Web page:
Alex and Nicky: A Family Tale

Nicky was the only person in the family who really liked Uncle Alex. He was her mother’s brother, and even her mother barely tolerated him. ‘Too smart by half’ was her oft-repeated view as she lit another Silk Cut. Still, he had made quite a name for himself in the village, doing good works here and there and he had even considered running for the council. In truth he had a solitary life and that was why the warmth of his relationship with his niece mattered so much to him, that and her interest in judo.

For Alex had taken the village’s moribund Judo Club and really turned it into something. Way back in 60’s Scotland, judo was a fringe sport at best; it was a country more suited to boxing, and particularly to wrestling, the people’s sport. The wrestlers had dominated back then with their catchphrases and their television presence – ‘White Heat’, who came from Gourock, was a world champion. But for Alex it all seemed too vulgar and showy and fake plus, though he carried some weight – too many pies at the university canteen – he didn’t have the height to be a wrestler. But he was nippy on his feet and was an able student and by the time he came back to the village from university, he could flatten men much taller and stronger than him with a few sharp moves; the other thing he was good at was ballroom dancing, but he wasn’t popular with the ladies.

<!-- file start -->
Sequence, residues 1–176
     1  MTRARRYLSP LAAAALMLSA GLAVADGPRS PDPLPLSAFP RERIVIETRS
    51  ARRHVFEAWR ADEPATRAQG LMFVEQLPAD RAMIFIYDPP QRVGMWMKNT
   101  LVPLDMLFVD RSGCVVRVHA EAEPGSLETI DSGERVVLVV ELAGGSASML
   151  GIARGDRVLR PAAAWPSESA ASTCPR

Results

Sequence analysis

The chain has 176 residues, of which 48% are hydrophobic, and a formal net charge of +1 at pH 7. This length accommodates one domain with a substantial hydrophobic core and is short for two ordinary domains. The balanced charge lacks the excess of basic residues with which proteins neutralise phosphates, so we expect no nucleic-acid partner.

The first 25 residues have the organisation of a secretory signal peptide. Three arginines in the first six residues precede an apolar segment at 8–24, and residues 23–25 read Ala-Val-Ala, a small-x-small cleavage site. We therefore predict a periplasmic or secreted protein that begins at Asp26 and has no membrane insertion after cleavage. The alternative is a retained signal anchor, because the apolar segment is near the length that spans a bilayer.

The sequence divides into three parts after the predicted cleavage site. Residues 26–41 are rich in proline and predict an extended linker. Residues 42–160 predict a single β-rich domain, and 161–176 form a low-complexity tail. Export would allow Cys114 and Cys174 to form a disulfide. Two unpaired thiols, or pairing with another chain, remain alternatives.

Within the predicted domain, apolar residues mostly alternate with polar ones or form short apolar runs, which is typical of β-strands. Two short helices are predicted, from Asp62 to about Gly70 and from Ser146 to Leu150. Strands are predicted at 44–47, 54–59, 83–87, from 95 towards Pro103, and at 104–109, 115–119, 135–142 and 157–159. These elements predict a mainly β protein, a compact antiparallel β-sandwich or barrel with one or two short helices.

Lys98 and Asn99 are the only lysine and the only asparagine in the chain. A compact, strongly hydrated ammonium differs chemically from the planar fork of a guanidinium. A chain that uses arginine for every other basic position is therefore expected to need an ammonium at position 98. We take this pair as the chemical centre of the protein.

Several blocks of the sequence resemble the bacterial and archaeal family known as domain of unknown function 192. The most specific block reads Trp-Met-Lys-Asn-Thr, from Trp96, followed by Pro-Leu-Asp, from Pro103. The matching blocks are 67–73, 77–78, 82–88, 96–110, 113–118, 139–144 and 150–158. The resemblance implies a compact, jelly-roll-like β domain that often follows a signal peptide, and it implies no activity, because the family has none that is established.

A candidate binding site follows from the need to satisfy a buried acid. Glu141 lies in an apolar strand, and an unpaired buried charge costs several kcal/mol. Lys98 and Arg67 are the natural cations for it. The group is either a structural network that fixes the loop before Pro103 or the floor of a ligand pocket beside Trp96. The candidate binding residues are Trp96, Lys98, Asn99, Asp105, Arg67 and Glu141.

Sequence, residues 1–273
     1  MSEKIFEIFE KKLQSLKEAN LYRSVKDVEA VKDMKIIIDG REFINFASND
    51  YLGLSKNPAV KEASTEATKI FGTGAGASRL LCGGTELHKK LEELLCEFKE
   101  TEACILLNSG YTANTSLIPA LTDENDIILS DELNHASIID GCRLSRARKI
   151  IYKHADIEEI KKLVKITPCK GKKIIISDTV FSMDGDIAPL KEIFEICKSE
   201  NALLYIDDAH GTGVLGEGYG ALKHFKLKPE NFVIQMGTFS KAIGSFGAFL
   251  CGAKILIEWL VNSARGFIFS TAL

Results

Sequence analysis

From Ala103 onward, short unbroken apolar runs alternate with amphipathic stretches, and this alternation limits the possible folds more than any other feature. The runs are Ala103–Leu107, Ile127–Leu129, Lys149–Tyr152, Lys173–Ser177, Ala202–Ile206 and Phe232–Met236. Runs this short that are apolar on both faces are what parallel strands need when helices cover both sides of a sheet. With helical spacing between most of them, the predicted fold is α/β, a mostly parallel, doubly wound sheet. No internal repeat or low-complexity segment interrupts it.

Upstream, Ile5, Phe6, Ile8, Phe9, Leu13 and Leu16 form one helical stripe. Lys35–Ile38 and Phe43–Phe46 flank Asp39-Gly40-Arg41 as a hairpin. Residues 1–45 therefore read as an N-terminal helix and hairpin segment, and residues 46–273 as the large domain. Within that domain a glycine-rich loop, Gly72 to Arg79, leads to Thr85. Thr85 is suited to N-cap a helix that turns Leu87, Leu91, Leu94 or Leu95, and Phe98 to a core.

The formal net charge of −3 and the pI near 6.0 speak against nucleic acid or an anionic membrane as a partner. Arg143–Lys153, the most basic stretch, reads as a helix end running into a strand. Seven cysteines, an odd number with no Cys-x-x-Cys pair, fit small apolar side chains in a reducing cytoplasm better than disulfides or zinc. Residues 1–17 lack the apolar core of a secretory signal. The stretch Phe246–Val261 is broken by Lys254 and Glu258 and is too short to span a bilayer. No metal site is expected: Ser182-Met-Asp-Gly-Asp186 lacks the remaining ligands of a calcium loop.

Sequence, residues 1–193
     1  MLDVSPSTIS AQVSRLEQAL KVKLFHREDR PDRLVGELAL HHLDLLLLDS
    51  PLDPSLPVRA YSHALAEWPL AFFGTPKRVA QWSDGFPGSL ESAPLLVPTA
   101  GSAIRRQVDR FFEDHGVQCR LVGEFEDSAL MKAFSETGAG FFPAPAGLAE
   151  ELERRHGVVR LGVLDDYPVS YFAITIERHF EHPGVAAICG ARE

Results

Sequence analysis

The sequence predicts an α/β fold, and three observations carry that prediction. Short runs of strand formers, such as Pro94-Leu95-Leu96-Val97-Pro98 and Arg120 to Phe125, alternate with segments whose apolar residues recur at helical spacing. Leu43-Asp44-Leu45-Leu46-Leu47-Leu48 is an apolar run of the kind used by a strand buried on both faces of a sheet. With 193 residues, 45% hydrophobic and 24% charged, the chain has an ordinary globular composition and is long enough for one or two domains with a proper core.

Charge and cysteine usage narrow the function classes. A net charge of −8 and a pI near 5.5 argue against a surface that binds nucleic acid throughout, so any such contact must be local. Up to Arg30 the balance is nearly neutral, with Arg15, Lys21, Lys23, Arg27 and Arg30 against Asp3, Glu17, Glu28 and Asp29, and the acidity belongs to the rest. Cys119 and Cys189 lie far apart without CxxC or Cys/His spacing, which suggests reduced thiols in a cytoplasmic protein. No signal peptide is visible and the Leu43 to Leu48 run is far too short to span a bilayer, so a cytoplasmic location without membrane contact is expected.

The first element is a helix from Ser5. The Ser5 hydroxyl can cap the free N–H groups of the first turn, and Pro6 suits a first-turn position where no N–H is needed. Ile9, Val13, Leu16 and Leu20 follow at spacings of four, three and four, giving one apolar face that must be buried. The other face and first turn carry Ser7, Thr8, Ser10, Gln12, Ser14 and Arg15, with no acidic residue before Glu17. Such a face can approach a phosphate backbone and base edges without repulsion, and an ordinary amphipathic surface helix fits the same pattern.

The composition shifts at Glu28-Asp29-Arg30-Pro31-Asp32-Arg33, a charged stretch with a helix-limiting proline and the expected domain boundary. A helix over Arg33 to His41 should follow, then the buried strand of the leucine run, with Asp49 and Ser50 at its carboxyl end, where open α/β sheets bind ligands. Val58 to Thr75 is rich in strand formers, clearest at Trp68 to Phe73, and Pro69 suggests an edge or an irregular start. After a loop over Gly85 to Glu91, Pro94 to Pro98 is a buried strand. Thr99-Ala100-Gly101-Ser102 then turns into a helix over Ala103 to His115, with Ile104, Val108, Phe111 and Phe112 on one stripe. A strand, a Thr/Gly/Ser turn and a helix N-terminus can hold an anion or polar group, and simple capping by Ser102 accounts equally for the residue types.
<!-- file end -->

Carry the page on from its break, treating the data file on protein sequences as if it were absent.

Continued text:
Nicky was quite short herself, but she was feisty. She had few real friends at school, but it didn’t bother her; she knew that lots of the other girls resented her cleverness and her deep desire to do well. Nicky was top of the class, with all the luggage that brought. She had a couple of acolytes, one a bright but rough boy called Deek, but his promising school career was cut short when he did something really stupid in the boys’ toilets. So Nicky too benefited from her relationship with Uncle Alex and when he got her into judo she did well, and quickly. With a lottery grant and a lot of goodwill, a simple wooden building was put up and streams of people, young and old, came along to try their hand at judo because this was a time when judo was taking off all over Scotland.  When Alex got too old and unfit to compete himself – a bad fall did his back in – he took over her coaching and it wasn’t long until she was the Scottish champion in her age group; there was talk of the Commonwealth Games. She was almost a household name when everything went wrong.

No-one really knows what happened. Nicky’s mum and dad knew that there had been some phone calls between her and Uncle Alex, but they didn’t really know what they were about. Nicky was really upset, but she had a boyfriend by then, and they assumed she would confide in him. Eventually her mother went to see Alex herself, for Nicky had a competition in Edinburgh that weekend, and somebody needed to take her. But she didn’t get a word out before he, pale with anger, turned her away from his door, and she never heard from him again. And, after a time, nor did anyone else. He faded away in his little house in the village, and rarely, if ever emerged.

One thing did happen, though. The judo club, thriving, which had become such a focal point in the village, was burnt to the ground. The police found no evidence of wrong-doing and concluded that the fire had probably been caused by a careless teenager’s fag end. But it would be a long time till anyone in the village took up judo again and many of them thought that Uncle Alex had somehow been to blame. Well, it could have been a disaster for Nicky but she had a strong spirit; she seemed to quickly forget Alex and judo and took up competitive sugarcraft, where she was less successful, but very, very happy.


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